The Syracuse University basketball game was really good even though they didn't win, so I didn't end up trimming the quilt until this morning.
Once I did that it was time to tackle making continuous bias binding. Missouri Star Quilt Company has a YouTube video which gave me the gist of it but it was early days for them and I couldn't see how and where Jenny D. was "crossing" the marked lines, so I poked around briefly and found text and photo tutorial which I really found helpful: Generations Quilt Patterns . Also look for the link on the page to part one of the tutorial - that has some great charts regarding the amount of fabric you need to create the size and amount of binding you want.
I found the cross-hatch marks to be particularly helpful when I was pinning the "tube" prior to sewing the seam.
This is what the tube looked like after sewing the seam -
Then it was a simple matter of cutting on the line and... voila! continuous bias binding. After lunch we moved my sewing table and my Janome out to the sunroom and I basked in warmth and sunlight (the outside temperature was about 14 °F) while I slowly stitched the binding to the front side of the quilt. It's real progress! :)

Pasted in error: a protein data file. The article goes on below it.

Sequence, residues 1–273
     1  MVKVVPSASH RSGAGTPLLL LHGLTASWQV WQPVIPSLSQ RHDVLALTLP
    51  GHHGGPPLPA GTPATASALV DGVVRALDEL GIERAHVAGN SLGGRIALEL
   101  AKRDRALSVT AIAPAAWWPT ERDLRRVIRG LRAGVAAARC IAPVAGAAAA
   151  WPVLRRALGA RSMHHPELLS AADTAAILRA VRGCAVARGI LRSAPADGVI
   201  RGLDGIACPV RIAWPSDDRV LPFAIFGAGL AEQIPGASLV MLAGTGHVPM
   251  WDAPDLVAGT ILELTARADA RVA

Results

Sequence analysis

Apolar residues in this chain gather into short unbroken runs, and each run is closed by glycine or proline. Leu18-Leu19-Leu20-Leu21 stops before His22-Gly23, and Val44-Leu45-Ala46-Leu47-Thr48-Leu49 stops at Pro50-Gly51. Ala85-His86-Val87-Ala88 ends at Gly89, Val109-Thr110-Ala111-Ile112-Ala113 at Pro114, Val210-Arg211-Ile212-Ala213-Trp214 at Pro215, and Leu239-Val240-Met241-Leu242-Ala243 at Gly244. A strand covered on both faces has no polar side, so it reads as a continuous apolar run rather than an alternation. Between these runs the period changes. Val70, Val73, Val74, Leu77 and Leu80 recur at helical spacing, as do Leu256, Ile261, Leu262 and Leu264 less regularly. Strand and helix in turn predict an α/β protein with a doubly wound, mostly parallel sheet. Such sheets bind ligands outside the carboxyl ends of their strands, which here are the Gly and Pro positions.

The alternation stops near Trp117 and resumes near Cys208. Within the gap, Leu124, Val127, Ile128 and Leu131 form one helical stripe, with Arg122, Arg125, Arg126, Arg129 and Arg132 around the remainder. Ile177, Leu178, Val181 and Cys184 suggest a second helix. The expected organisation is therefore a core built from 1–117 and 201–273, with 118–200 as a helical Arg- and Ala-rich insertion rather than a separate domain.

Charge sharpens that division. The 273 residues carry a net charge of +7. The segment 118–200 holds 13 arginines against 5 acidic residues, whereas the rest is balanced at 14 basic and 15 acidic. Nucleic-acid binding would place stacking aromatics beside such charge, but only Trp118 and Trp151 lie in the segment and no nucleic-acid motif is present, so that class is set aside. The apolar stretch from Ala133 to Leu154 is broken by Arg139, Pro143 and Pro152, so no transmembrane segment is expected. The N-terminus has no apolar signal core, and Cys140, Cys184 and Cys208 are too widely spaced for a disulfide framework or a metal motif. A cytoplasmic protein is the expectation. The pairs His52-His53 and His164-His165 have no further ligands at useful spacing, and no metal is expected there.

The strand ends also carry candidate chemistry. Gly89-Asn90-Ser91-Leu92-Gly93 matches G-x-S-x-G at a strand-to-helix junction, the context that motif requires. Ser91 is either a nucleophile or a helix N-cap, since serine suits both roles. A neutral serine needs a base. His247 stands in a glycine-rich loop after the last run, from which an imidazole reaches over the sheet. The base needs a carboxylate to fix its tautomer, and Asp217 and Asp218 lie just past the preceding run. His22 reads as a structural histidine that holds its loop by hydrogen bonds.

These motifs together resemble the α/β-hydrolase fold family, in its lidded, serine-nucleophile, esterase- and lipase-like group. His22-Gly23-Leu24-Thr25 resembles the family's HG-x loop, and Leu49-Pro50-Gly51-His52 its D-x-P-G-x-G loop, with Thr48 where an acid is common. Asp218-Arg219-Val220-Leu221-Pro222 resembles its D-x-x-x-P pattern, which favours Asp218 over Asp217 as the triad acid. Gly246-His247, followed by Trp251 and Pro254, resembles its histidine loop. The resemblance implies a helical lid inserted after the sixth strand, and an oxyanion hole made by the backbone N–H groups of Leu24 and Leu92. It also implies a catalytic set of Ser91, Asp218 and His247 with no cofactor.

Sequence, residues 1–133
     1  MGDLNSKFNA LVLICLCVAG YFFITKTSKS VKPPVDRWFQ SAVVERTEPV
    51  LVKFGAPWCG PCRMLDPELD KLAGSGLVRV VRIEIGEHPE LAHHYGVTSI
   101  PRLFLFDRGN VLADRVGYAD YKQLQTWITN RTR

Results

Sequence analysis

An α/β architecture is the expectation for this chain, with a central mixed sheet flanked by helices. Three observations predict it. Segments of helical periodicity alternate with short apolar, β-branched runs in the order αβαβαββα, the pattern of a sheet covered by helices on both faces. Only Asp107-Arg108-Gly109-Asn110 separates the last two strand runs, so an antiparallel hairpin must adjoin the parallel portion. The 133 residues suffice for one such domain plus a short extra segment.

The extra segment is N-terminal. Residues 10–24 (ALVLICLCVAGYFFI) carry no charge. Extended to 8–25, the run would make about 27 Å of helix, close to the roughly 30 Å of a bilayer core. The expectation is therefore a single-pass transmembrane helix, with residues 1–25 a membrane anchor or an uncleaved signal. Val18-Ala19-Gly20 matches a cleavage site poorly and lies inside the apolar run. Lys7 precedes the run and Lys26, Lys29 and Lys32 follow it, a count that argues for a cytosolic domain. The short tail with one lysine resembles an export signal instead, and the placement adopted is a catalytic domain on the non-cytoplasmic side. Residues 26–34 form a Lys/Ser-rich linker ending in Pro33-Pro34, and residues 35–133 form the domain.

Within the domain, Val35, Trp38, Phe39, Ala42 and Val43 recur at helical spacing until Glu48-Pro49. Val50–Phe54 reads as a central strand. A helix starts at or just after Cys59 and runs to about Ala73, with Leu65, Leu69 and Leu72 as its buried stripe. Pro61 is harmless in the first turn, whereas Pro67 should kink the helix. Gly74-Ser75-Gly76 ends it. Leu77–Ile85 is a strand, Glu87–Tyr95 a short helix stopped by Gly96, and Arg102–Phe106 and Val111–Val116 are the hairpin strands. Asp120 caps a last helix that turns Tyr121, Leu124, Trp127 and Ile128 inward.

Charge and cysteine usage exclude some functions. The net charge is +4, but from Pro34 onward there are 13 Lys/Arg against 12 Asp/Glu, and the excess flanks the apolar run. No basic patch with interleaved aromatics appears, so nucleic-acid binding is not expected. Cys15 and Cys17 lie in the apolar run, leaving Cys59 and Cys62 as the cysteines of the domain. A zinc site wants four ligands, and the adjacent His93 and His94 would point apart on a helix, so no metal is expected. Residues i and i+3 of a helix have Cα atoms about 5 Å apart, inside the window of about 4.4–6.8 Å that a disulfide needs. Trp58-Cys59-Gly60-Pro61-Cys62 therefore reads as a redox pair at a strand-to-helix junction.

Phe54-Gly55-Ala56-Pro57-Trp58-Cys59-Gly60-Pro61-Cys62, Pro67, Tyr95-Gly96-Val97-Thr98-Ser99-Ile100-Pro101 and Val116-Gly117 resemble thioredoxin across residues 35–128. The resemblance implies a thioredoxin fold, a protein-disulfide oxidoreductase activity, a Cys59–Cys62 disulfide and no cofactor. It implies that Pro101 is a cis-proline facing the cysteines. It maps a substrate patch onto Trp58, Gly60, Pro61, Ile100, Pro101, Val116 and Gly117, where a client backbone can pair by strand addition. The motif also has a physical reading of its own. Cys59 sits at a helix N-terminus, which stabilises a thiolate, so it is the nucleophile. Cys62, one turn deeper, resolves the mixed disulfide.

Hooray! I finished the quilting on the DWR this morning. There were some glitches along the way, most notably on the 23rd when I thought I would be finishing my last three pantograph areas. I had taken a break for about an hour and a half. That doesn't really seem like enough time for the metals to have changed temperature and therefore tension, but it had. I, of course, didn't check the back...just merrily zipped along doing all three. Then I checked my stitches on the back. The tension wasn't even and the stitches looked really poor (front looked great). Well, no one to blame but my lazy self, so I spent some more quality time with my seam ripper. After that I just needed some away time. Visited with some family on Sunday, and today I zipped out the last bits of quilting with no issues, and with absolutely no adjustment to the tension on the machine. Quilting gremlins, ya gotta love 'em!